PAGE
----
Fugitive Sinaloa Cartel leader Joaquin “El Chapo” Guzmán recently suffered a blow to his transnational criminal operation when authorities in Guatemala seized Samuel Escobar, a key alleged operative for the organized crime group.
On May 20, Guatemalan National Civil Police captured Samuel Escobar, 20, in the department of San Marcos, near the Pacific coast. The region contains many drug smuggling routes used by El Chapo’s forces.
Security forces confiscated a gun, jewelry, assault rifle cartridges and $128,000 in cash from Escobar, according to Guatemala Interior Minister Mauricio López Bonilla.
Escobar was part of an organized crime gang allied with El Chapo, López said, noting that in the days before Escobar was captured, he and other gang members apparently knew that security forces were after them.
“In a phone call they warned us to stop or they would start killing police officers,” López told reporters. That was a sign that the Escobar was allied with the Sinaloa cartel, which has kidnapped and killed dozens of police officers in Mexico.
A group of heavily armed gang members did kidnap a Guatemalan police officer, but he was able to escape, authorities said.
A broad security operation
The arrest of Escobar was part of a mission to find gang members who were living in the municipality of Malacatán, near the Mexican border, López said.
In addition to Escobar, National Civil Police also detained Deisy Villagran, 57, who allegedly had firearms, drugs and a money-counting machine inside her house. National Civil Police also arrested 44-year-old Juventino Encarnación García, an alleged drug trafficker who is suspected of collaborating with El Chapo.
Security forces in Mexico have scored a number of victories against El Chapo in recent months.
For example, on April 30, agents with the Federal Police in Sonora captured El Chapo’s father-in-law, Inés Coronel Barrera. Coronel is charged with trafficking large amounts of cocaine for the Sinaloa cartel. Federal Police also captured El Chapo’s brother-in-law, Inés Omar Coronel, 25, and three other alleged Sinaloa cartel operatives. The agents also seized more than 500 pounds of marijuana and four military assault rifles.
Inés Coronel is the father of El Chapo’s fourth wife, former beauty queen Emma Coronel Aispuro, 23. She reportedly married El Chapo when she was 18.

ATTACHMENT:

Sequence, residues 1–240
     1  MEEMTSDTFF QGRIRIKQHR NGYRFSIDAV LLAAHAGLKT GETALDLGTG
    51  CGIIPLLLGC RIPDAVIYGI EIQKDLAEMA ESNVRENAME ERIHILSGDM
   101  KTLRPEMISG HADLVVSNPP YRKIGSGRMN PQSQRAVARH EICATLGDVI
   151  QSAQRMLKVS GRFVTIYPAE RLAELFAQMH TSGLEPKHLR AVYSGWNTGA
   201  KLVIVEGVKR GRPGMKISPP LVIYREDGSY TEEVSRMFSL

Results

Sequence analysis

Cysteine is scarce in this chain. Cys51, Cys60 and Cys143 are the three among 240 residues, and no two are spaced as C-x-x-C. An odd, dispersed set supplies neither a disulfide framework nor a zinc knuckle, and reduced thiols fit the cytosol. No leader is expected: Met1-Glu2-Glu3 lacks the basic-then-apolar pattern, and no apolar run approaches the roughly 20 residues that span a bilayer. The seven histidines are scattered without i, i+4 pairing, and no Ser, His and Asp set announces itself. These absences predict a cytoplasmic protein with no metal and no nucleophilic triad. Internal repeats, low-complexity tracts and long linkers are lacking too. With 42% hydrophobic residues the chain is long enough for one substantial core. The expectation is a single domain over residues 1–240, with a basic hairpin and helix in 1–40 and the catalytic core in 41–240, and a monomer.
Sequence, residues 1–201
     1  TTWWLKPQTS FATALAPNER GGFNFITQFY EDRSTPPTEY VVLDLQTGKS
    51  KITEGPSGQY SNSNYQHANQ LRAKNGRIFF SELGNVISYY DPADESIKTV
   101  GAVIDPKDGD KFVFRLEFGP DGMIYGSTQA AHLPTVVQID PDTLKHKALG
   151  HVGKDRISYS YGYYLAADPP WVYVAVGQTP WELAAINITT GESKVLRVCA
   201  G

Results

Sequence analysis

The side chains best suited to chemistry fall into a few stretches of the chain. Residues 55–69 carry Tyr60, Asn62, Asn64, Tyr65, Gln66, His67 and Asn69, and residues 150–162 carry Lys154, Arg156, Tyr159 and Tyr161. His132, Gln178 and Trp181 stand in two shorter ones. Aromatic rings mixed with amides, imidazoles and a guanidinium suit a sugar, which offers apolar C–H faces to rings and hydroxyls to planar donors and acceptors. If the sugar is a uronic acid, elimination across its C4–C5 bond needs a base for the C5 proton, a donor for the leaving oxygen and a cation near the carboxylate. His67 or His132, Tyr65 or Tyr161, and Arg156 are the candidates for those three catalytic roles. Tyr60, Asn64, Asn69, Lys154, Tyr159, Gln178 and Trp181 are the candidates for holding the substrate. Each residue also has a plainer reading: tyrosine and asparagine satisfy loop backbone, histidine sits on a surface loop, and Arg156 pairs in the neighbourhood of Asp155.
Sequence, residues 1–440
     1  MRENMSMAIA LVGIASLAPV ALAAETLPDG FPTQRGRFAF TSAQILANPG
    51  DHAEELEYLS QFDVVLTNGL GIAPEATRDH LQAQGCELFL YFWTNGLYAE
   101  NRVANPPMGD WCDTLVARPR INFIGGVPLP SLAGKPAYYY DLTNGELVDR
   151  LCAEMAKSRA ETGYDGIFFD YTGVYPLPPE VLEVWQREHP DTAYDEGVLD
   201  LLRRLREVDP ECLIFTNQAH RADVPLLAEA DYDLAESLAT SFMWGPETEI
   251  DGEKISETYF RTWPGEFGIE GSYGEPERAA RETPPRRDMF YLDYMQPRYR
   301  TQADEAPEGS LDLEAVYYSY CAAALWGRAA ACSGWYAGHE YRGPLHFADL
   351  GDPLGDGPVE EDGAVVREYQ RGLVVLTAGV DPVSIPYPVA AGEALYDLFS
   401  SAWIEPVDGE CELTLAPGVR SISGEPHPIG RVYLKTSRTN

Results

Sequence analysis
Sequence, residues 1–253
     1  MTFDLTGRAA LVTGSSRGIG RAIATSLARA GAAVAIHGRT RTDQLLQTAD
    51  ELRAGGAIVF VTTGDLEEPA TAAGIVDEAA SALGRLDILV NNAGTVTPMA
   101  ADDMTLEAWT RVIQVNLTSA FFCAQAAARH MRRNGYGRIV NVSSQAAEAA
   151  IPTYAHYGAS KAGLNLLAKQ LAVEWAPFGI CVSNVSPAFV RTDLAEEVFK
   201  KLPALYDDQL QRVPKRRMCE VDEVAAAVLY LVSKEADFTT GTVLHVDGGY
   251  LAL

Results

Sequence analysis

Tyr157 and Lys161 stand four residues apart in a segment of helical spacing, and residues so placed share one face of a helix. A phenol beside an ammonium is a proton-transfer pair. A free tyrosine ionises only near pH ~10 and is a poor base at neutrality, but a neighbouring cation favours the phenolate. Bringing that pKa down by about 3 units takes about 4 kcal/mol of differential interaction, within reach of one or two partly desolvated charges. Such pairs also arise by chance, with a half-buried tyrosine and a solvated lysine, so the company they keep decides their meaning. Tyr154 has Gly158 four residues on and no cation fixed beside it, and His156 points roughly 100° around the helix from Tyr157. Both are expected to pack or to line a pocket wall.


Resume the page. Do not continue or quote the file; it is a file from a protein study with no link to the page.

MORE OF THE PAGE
The Sinaloa and Los Zetas cartels are waging a violent battle for control of drug trafficking routes in Guatemala. Two of the three major routes in that country are controlled by Los Zetas, and the other is controlled by El Chapo, according to Guatemalan President Otto Pérez Molina.
Mexican drug cartels operate in Central America
El Chapo’s forces and Los Zetas are active in Guatemala and other parts of Central America, said Alejandro Hope, a security analyst with the Mexican Institute for Competitiveness.
Both organized crime groups have formed alliances with local gangs in Guatemala and other Central American countries. “I doubt that their operatives [in Central America] are dominant players, but they are there and they will fight to secure their routes,” Hope said.
The Sinaloa cartel has been operating in Guatemala for at least 10 years, while Los Zetas showed up in 2007. At the time, Los Zetas was the armed wing of the Gulf cartel (CDG). Los Zetas broke away from the CDG in 2010 and became its own transnational criminal organization.
In October 2012, Mexican Marines killed longtime Los Zetas kingpin Heriberto Lazcano Lazcano in Progreso, Coahuila. He was known as “The Executioner,” “El Lazca,” and “Z-3.” Miguel Angel Trevino Morales took The Executioner’s place as leader of Los Zetas. He is known as “Commander 40,” “40,” and “Z-40.”
In February 2013, Guatemalan authorities announced that “El Chapo” himself had been killed in the Petén jungle. A man who resembled El Chapo had been killed during a confrontation with security forces, officials said. The report turned out to be inaccurate.
Security forces capture El Chapo operatives
Mexico and the United States are cooperating in the battle against transnational criminal organizations, primarily by sharing information. Mexico and Guatemala, and Guatemala and the United States are also cooperating to combat organized crime.
In recent years, security forces in Guatemala have confiscated large amounts of drugs which belonged to El Chapo, and have captured several of his operatives:
• In June 2012, Guatemalan National Civil Police captured Walter Arelio Montejo Merida, an alleged Sinaloa cartel operative who is known as “Zope.” In March 2013, Zope was extradited to the United States, where he faces federal drug trafficking charges.
• In December 2011, the National Civil Police seized 500 kilograms of methamphetamines at an illegal lab in the department of San Marcos. The lab was run by El Chapo’s operatives, authorities said.
• In January 2011, the Guatemalan Army arrested five armed men who were in possession of 65 barrels of acetone, which is needed to make methamphetamines. The men were suspected of working for El Chapo.
Shortly after taking office on Jan. 14, 2012, Perez Molina said that his administration would attempt to verify intelligence reports that El Chapo, the billionaire fugitive leader of the Sinaloa cartel, was back in Guatemala.
Perez Molina, a former army general, captured El Chapo in 1993. Guatemala handed him over to the Mexican government. El Chapo escaped from a high-security prison in January 2001. Beginning in 2010, Guatemalan security forces have received periodic reports that El Chapo was in their country. But El Chapo is unlikely to go to Guatemala anytime soon, “for any reason at all,” said Malcolm Beith, author of “The Last Narco,” a book about El Chapo.